Despite being rather late to the party I really enjoyed the Assassin's Creed series to date, demonstrated by how I played them all at the start of last year back to back. Sure the first one was as repetitive as peeling potatoes and more of a tech demo than a game, but the story was unique and surprising and the core gameplay of exploring a city from the streets and the rooftops and assassinating enemies of the creed was incredibly satisfying. So it was with great disappointment that I discovered the latest entry in the series wasn't up to snuff having finally caught up with everyone else.
Assassin's Creed: Revelations clearly suffers from the law of diminishing returns. Despite feeling like games that have taken several years to develop, Ubisoft have been shitting these out every year since 2008 like they have erratic diarrhea and it's finally starting to show on their pants.
Sure the core experience is still there and I love it, but everything new feels as ill thought out as claiming to have fallen into a life boat. For those who hated playing Desmond you will be glad to hear you will be doing no more of that tomfoolery, but unfortunately it's been replaced with first person flash back sequences which have you completing deficient block puzzles that wouldn't entertain a three year old.
Even returning features feel completely soulless. In Brotherhood burning the Borgia towers made sense for the story, but in Revelations these locations exist without any context. In the same vein you can buy and restore every bank, shop and cake establishment in the city and I will because I have OCD, but there is absolutely no explanation as to why you are doing it and there is almost no real benefit for doing so.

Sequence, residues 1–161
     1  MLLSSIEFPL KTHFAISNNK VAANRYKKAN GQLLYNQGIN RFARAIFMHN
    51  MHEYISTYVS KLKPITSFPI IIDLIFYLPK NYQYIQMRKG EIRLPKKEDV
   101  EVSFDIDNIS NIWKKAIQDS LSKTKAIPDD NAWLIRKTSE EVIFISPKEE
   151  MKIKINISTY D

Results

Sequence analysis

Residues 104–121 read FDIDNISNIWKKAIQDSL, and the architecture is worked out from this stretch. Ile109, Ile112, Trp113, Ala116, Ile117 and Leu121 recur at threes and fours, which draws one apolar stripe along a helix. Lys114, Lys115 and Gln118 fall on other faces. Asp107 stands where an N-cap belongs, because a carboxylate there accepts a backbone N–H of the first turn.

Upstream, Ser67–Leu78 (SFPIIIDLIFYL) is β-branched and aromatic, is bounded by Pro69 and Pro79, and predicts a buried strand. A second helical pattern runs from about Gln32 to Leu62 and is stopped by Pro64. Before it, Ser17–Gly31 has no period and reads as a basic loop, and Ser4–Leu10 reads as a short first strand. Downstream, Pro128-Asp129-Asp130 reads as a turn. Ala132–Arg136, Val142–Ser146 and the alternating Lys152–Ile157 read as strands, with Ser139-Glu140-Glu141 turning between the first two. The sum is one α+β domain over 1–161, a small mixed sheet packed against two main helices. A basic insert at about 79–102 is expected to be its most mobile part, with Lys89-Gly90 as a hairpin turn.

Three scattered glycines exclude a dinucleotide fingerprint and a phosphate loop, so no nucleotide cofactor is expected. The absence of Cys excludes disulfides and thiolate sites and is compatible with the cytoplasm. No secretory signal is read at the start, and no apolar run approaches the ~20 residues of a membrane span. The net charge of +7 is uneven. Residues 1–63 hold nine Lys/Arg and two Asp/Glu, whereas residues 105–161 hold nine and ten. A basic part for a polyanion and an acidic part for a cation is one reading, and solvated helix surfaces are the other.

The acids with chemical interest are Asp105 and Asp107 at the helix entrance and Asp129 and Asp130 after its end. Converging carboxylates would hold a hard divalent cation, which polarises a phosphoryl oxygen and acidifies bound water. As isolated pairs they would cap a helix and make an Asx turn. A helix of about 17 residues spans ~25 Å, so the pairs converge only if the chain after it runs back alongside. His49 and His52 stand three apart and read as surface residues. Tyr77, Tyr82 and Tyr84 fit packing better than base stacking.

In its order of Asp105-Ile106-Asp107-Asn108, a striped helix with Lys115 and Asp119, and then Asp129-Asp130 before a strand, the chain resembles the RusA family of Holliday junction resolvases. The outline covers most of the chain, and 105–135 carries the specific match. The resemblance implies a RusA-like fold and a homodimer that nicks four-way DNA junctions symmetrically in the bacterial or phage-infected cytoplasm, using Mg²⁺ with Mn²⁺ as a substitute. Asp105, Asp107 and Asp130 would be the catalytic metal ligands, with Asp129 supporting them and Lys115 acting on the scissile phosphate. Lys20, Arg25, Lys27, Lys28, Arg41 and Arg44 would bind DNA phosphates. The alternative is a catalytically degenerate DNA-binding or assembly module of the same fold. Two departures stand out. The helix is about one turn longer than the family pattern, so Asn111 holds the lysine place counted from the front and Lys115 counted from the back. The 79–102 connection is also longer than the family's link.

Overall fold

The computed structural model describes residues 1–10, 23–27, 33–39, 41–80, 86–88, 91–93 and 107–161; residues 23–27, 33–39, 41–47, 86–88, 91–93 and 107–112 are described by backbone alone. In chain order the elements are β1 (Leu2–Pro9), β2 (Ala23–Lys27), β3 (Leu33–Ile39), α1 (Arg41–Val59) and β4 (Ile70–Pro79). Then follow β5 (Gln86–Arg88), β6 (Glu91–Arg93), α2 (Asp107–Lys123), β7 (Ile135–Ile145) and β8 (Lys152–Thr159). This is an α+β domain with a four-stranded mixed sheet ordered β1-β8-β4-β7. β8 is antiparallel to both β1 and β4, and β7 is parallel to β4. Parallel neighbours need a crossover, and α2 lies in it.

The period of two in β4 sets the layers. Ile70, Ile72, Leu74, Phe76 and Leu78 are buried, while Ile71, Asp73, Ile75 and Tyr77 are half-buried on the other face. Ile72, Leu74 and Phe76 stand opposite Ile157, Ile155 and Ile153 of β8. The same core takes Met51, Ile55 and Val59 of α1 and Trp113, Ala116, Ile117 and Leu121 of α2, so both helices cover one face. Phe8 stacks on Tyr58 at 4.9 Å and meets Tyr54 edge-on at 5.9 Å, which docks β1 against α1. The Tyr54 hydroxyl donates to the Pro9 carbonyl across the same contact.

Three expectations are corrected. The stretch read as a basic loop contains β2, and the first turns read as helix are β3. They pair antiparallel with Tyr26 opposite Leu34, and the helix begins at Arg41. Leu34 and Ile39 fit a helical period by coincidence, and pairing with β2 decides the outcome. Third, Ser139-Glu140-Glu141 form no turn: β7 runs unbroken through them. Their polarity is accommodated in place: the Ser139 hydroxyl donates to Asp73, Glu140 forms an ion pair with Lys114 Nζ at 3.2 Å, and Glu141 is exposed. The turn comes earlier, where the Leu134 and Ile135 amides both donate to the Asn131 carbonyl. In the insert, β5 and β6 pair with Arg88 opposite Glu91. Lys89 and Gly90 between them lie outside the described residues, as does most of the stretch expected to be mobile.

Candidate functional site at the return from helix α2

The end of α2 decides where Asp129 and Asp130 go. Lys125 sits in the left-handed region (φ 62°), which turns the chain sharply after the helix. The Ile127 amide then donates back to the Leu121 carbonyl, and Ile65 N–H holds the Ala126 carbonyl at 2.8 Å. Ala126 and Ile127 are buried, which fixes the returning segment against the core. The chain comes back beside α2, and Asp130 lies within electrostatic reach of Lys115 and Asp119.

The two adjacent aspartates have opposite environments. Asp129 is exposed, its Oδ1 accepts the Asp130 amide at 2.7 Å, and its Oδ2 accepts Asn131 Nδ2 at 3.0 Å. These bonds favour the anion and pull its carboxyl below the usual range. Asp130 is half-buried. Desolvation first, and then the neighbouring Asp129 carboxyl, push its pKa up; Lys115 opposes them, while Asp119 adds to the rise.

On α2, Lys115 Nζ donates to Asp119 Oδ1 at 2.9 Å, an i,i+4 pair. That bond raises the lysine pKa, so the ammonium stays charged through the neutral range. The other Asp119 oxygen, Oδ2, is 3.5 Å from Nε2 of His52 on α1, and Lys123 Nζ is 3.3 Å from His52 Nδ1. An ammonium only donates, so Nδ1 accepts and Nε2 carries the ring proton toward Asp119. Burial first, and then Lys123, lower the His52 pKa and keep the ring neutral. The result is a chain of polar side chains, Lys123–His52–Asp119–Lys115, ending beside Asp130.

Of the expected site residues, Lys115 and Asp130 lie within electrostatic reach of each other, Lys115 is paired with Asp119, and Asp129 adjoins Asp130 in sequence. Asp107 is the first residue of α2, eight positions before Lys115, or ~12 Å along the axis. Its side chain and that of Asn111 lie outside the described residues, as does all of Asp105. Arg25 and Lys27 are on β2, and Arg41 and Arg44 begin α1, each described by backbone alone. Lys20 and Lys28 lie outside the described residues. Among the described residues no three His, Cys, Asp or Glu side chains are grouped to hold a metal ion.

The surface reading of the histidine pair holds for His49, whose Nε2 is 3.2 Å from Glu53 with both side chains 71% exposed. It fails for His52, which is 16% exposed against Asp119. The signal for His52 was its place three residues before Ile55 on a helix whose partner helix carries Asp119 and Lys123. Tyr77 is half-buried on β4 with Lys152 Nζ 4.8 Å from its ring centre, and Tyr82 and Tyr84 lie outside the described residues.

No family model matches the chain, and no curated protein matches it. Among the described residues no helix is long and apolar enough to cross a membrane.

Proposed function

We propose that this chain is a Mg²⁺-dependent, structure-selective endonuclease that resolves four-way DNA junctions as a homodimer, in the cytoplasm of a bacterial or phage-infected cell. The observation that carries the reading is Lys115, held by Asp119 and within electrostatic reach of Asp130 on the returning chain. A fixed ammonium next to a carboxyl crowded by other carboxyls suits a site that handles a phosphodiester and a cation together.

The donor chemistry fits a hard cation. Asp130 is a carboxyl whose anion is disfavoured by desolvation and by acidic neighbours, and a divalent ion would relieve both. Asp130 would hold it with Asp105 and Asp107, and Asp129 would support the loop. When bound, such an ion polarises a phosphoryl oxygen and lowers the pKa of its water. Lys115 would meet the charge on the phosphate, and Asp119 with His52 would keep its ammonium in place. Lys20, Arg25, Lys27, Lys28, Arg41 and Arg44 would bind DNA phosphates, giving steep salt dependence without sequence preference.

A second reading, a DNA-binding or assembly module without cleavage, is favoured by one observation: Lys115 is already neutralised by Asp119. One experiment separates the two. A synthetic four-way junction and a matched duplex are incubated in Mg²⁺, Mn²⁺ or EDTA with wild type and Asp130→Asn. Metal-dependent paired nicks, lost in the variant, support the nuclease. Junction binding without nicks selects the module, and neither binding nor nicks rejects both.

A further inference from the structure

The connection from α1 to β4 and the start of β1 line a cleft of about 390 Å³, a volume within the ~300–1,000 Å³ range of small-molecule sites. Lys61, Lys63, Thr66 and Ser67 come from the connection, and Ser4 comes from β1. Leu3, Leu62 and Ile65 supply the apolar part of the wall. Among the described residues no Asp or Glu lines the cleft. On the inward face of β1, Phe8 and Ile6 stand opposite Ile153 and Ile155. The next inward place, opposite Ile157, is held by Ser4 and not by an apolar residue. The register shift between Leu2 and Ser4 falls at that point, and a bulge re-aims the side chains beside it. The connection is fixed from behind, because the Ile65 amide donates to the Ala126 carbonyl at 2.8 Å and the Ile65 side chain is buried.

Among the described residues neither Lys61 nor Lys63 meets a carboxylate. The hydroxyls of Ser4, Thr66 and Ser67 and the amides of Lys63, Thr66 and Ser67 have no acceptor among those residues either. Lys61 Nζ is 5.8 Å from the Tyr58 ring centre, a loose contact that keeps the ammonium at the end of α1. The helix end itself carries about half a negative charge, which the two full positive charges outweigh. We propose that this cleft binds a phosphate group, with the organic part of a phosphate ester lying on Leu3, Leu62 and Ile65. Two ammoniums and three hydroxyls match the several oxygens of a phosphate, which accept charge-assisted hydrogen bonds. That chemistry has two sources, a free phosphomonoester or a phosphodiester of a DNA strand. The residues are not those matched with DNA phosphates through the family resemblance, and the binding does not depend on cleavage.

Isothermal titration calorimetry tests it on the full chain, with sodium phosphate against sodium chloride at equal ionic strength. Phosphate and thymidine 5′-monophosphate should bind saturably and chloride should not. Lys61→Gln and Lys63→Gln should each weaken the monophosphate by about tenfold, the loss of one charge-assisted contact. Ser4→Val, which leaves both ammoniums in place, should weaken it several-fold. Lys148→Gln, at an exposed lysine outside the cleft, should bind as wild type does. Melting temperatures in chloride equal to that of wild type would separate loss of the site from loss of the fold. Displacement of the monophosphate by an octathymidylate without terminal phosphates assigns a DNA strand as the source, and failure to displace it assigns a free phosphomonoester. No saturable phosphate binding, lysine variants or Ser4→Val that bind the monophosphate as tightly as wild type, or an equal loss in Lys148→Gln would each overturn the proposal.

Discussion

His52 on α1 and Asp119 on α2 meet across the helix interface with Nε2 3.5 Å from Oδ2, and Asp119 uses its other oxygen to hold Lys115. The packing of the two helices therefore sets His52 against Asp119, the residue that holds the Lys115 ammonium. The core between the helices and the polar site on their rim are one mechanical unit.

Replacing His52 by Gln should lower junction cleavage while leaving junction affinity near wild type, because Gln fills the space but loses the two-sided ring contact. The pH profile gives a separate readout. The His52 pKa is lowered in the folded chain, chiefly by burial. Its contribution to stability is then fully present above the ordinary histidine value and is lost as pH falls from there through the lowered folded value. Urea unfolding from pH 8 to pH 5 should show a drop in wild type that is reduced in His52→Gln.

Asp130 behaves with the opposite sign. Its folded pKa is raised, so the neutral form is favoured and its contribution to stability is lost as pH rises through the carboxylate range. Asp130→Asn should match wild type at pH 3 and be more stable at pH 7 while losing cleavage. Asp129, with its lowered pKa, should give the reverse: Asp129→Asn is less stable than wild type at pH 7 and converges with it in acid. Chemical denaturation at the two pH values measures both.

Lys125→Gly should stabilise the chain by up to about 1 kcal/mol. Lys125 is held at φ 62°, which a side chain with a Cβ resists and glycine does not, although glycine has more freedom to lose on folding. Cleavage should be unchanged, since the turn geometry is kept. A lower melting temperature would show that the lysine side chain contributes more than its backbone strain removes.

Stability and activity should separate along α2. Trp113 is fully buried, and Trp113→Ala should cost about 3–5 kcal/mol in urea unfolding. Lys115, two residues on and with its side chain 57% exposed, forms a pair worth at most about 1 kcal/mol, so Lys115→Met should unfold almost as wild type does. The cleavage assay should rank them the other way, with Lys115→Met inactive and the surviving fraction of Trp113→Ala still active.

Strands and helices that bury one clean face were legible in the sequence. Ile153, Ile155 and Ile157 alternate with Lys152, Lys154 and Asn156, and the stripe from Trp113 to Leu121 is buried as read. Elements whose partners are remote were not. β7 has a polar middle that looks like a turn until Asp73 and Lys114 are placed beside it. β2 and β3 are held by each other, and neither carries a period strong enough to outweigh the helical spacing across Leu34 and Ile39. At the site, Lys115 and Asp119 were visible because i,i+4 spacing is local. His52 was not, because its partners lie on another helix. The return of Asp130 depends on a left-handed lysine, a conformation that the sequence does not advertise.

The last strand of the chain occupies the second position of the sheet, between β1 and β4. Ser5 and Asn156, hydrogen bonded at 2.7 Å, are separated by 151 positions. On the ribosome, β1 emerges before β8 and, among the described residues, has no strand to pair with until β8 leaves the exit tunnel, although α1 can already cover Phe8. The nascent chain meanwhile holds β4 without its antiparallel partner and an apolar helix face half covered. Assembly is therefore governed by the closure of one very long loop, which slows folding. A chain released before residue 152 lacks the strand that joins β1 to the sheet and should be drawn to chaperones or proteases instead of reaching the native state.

To introduce unnecessary complexity, assassin dens can come under attack and be re-taken. To defend them you must participate in another oddball addition, a tower defence mini-game which isn't terrible, but doesn't hit it out of the park either. Just about every side task to the main quest seems out of place in Revelations, like it was simply included because it had debuted in a previous title.
Perhaps the worst offence of Revelations is in the title, as it provides no real revelations. We get some nice inception action as Desmond views the end of Ezio's adventure, who views the end of Altair's tale, but none of this moves the overarching story forward.
The fact Desmond is unconscious for the entire game should give you the hint that this is the game in there series to skip. Revelation's is still a fun game, but it is in no way the must play experience of its predecessors. Let's just hope Ubisoft realises that they need a change of trousers before it runs the series into the ground.